Blockchain Revolution in Banking System

Blockchain Revolution in Banking System

Blockchain is being used to finance the development of cryptocurrency such as bitcoin. However, it has meaning and implementations that extend well beyond electronic currency.

Blockchain being a distributed blockchain with an increasingly ordered array of so-called ‘blocks.’ The timestamps and a reference mostly to previous block are in each block.

Blockchains are intrinsically immune to data manipulation by nature – once registered, the data in such a block cannot be changed retroactively.

As a result, thanks to blockchains, most processes that are currently dependent on some kind of validation or central control authority can be fundamentally innovated.

Through monitoring and recording all transactions that exist inside the network, the blockchain eliminates any need for a ‘trust – worthy’ third party for brokerage. Supporters of this technology frequently referred to it as a “transfer of trust in a wary world,” based on the idea that the parties engaged in activities, even if they don’t recognize each other, can safely exchange money even without a third-party assurance.

Given this, we may conclude that blockchain technology is a game-changer. Its power is precisely that it removes the necessity for a central authority that verifies trustworthiness and ensures money movement.

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Fast Adoption

According to two recent IBM reports, commercial blockchain technologies are being rapidly adopted by banks and capital markets. Indeed, 15% of banks and 14% of banking firms polled expect to deploy large-scale commercial blockchain technologies in 2017, with 65 percent of banks planning to provide solutions in development over the next three years.

The first report, ‘Leading the Pack in Blockchain Banking: Trailblazers Set the Pace,’ published by the IBM Institute for Business Value (IBV) and focused on a sample of 200 global banks, shows that more than 70% of early adopters surveyed are concentrating their attention on lowering the existing entry obstacles that hinder the development of innovative business models and reaching new potential markets.

These forerunners are well placed to protect themselves against future rivals, including ‘disruptors’ from various sectors, such as fintech as well as non-banking start-ups.

Four Distinct Areas

The second study, titled ‘Blockchain Rewires Capital Markets: Trailblazers Take the Lead,’ examined a survey of 200 international banks and found that seven out of ten pioneers are concentrating their attention on blockchain in four distinct areas: transaction clearing and settlement, bulk transfers, debt and equity issuance, and reference details.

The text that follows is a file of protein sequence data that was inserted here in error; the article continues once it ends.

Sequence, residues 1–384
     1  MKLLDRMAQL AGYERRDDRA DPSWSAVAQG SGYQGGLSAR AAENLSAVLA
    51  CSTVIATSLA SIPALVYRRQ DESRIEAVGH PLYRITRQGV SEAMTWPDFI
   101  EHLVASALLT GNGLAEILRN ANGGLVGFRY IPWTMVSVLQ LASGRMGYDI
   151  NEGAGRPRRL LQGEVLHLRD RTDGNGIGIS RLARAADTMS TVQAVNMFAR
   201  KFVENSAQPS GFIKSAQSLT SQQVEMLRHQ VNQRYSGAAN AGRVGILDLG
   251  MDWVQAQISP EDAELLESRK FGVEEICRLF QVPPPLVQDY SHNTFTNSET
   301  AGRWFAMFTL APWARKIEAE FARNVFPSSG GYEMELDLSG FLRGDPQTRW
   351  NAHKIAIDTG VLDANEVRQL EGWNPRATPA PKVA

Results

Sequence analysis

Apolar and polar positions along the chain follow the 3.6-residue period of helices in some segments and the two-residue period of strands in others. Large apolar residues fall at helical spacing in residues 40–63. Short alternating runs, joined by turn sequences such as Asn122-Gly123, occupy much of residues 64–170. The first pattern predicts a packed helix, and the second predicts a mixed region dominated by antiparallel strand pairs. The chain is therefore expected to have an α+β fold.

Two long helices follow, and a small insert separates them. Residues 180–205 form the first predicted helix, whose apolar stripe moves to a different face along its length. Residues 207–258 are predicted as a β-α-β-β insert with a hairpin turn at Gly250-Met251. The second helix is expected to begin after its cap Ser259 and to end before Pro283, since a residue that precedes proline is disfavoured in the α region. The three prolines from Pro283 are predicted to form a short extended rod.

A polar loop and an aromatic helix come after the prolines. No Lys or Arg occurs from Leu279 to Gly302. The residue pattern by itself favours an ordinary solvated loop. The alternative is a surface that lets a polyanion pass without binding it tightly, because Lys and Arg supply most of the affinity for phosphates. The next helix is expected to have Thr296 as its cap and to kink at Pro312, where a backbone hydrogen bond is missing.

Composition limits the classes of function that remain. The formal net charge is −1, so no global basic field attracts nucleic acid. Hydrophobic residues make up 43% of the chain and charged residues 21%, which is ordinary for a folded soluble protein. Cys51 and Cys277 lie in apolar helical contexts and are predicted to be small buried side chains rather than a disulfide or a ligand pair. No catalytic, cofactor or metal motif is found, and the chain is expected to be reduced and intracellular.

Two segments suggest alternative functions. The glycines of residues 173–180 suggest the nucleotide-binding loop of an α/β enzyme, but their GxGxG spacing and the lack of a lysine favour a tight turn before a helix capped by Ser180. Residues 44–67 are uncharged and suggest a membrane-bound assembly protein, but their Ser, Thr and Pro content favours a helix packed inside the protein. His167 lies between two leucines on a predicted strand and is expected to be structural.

The pledge of openness, accuracy and security has attracted several of the world’s biggest banks, namely BNP Paribas, Citi, JPMorgan, ING, UniCredit, who joined together in a group funded the American R3 to research and identify the future of the blockchain.

The ECB itself wished to study the subject and achieve a better knowledge of the mechanisms. In reality, UBS and Barclays are now using blockchain to accelerate back-office operations and management. According to some banking industry professionals, blockchain could save the industry up to $20 billion in operating costs each year.

Banks Are Among the Largest Investors

Not unexpectedly, multinational banks are among the most prominent players in blockchain-related start-ups. R3 CEV has now secured the membership of over 80 of the leading international banking firms and authorities, including UniCredit as well as Intesa Sanpaolo, to its consortiums formed to build custom applications blockchain-enabled also for the financial sector.

A consortium of seven central European banks (Deutsche Bank, HSBC, KBC, Natixis, Rabobank, Société Générale, and UniCredit) has agreed to create a ground-breaking common platform called Digital Trade Chain (DTC) to facilitate a domestic and cross-border economic activity for European small and medium-sized (SME) businesses by leveraging the power of blockchain technology.

Simultaneously, a community named Thought Machine created the Vault OS operating system, which utilizes private blockchain technologies in conjunction with distributed encryption databases to allow any bank to have stable end-to-end financial systems.

The consequences of blockchain are numerous. It is too early to predict if it would be feasible to reap any of its advantages. What is certain is that developing technical solutions to specific issues will not suffice; an essential work of data and awareness-raising that included institutions but instead citizens will be required.

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